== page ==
I have been using Norton SystemWorks 2000 for Windows95/98 for some time now, and find it to be a very powerful suite of utilities that helps keep my PC running in top condition.
The main applications the suite includes are Norton Antivirus, Norton Utilities and Norton Cleansweep. Crashguard (eww!) is also included in the package, as well as several other applications in the bonus package, including WinFax Personal Edition (very nice!), Symantec Visual Page (an html editor) and Norton Secret Stuff (a handy little utility for making encrypted file archives). It also includes BIOSTEST, which tests your bios for Y2K compatibility and provides a small driver file called biosfix.sys to correct time problems on older PCs.
If you purchased the deluxe version, you also get Norton Ghost Personal Edition, which is in my opinion the best disk cloning/imaging utility out there, and Norton 2000 for testing Year 2000 Compatibility of various applications and data files, in addition to the BIOSTEST I mentioned above, but integrated with the application. (not that you couldn’t run it separately though)
Well, that’s a lot of software, but not all of it is desirable to install or use. If you go with a complete installation, and let it install all of the utilities and load all of it’s components at startup, expect your PC to be very ill (in fact on older systems with low memory, you might even have to boot into safe mode and stop some of the programs from loading before Windows will boot to your desktop, especially if you have other programs loading their components at startup). That is not how I install Norton SystemWorks 2000.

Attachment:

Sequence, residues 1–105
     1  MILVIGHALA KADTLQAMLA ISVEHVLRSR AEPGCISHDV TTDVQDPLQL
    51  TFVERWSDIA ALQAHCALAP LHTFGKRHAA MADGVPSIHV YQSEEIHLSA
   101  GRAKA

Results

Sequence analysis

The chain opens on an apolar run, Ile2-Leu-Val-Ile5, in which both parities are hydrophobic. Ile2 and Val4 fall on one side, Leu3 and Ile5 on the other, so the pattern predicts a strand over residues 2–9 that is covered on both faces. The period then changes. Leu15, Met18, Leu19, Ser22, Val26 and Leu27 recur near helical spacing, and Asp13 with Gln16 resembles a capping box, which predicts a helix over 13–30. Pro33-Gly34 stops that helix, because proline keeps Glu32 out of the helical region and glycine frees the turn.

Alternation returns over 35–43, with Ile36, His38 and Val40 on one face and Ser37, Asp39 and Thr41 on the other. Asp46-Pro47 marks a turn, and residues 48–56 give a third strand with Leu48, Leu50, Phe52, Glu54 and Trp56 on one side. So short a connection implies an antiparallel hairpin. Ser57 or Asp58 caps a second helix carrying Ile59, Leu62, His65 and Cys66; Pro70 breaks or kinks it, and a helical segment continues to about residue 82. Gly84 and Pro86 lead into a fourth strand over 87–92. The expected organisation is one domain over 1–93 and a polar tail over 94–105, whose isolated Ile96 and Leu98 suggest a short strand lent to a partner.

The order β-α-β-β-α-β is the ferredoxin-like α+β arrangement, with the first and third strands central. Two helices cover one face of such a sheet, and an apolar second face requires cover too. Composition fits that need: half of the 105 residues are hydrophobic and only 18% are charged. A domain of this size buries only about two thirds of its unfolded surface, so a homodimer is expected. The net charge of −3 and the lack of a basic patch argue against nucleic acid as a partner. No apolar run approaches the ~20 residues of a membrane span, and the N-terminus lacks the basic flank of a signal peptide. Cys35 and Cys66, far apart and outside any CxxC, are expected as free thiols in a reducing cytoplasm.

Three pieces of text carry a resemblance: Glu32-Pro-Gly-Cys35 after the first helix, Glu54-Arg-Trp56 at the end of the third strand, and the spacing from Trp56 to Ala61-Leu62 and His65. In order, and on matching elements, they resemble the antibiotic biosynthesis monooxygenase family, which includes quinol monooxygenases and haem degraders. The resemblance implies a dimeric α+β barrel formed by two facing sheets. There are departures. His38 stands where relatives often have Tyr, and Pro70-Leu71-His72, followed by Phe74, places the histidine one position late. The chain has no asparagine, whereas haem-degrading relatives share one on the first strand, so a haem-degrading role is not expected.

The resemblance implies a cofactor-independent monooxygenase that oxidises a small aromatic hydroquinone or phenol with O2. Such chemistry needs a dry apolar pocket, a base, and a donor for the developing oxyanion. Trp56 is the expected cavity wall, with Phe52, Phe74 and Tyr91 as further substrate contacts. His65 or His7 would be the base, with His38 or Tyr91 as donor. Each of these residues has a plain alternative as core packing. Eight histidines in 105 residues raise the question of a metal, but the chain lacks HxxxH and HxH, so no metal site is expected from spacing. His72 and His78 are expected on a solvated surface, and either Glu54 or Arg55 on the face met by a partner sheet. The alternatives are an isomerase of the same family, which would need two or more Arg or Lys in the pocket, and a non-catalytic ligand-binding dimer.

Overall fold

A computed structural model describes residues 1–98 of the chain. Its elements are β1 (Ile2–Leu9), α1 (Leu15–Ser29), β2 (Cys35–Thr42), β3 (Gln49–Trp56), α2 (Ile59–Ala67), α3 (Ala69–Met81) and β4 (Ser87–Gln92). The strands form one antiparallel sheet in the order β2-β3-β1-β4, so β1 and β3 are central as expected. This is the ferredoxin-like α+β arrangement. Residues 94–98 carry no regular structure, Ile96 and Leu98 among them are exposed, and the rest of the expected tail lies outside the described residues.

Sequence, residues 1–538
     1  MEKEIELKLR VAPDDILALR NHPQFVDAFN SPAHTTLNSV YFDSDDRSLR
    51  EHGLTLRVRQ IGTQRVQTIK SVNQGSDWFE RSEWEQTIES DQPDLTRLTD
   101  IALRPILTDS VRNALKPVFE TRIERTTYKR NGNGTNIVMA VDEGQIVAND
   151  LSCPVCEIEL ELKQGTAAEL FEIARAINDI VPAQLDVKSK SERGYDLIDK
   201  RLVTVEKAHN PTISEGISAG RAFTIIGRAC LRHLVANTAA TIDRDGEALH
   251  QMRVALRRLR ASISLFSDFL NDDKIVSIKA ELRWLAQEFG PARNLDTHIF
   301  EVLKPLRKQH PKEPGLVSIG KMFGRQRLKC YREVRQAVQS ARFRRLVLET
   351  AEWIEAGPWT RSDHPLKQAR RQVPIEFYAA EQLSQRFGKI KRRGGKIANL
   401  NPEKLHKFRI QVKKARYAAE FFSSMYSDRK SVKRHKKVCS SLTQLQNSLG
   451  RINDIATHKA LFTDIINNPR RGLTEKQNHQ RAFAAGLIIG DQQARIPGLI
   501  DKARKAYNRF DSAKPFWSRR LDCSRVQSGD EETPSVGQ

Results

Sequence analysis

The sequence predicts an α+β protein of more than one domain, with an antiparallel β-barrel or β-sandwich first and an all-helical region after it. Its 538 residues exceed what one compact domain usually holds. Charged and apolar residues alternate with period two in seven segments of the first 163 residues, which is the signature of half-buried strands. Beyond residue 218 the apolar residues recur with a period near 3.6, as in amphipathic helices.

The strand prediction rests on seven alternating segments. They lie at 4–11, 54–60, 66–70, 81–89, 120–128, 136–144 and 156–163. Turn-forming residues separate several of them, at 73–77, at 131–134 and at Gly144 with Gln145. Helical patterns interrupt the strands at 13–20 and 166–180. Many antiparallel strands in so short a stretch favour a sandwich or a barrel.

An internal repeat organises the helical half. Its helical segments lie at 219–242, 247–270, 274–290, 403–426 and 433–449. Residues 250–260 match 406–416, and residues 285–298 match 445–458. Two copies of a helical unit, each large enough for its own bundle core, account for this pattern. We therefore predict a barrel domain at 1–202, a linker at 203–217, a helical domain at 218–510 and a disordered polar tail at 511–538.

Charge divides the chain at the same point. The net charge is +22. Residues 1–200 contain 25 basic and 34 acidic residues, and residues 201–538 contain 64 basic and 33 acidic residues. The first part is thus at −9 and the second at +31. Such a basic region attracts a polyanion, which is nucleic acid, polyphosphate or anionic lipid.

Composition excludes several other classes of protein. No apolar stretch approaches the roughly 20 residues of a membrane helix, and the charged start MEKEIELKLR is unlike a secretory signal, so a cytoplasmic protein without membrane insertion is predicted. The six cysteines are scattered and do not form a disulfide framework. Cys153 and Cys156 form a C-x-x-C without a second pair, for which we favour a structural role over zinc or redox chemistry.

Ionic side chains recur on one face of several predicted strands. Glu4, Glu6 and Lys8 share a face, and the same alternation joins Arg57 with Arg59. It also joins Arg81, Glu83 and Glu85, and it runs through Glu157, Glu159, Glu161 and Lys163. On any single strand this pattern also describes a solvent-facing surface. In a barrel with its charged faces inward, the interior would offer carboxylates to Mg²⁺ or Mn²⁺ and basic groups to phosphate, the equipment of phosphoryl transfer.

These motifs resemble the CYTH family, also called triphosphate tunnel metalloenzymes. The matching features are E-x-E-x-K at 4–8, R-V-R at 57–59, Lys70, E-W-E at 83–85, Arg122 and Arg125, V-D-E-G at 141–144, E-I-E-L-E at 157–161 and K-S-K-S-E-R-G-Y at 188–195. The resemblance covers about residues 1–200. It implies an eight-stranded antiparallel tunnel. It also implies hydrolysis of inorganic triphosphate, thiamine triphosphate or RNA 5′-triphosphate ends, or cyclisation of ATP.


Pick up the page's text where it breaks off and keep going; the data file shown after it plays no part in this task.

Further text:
Put the Norton SystemWorks CD in the drive and let it autorun, or run NCDstart.exe. The installation menu pops up and you can choose to Install Norton SystemWorks (this is what you’ll want to do first), Install the Bonus Pack (the bonus pack programs are each separate installations), View Special Offers, Launch Norton Utilities from CD (handy if you only plan on using them occasionally and don’t wish to install NU) or Exit.
Choose Install Norton SystemWorks, and select Typical Installation. Just choose that and don’t worry about it, because we’re going to choose what components to install in the next step.
In the next dialog box, you will have the choice of major components to install. Uncheck Crashguard, which supposedly intercepts and allows recovery from software crashes (it is of very little use, do yourself a favor and don’t even install it) and uncheck Norton Web Services (unless you want to subscribe to that…I do not). Norton Web Services is a fee based service for locating drivers and updates. Select to install Norton Cleansweep (a powerful uninstaller program that you can use if an application’s uninstall mechanism gets broken, and also you can use it to log a program installation so it can be precisely removed at a later date), Norton Antivirus and Norton Utilities. Don’t proceed yet though, we need to choose which components of Norton Utilities to install.
Highlight Norton Utilities and click the Customize button. You’ll see a list of components that you can install. Some of them will have grayed out checkboxes, indicating that they are mandatory. Here is a list and summary of the components you will see in that dialogue:
- Norton Utilities Base Files – This one is mandatory for obvious reasons.
- Image – You should check this one to install it. It takes a snapshot of your disks’ critical data structures, like the FAT, boot records and the root directory file. Norton Disk Doctor uses these image files it creates, to repair file system damage. If Image has recently run and the information is current, NDD can fix just about any file system errors. One time while fooling around with my drives, something occurred that caused hundreds of megabytes of files and folders to disappear on my second hard drive. Coincidently, I had just run Image the night before and Norton Disk Doctor was able to recover them ALL. The only thing I had to do was rename the parent directories back to what they were, the subfolder names, structure and files were all intact.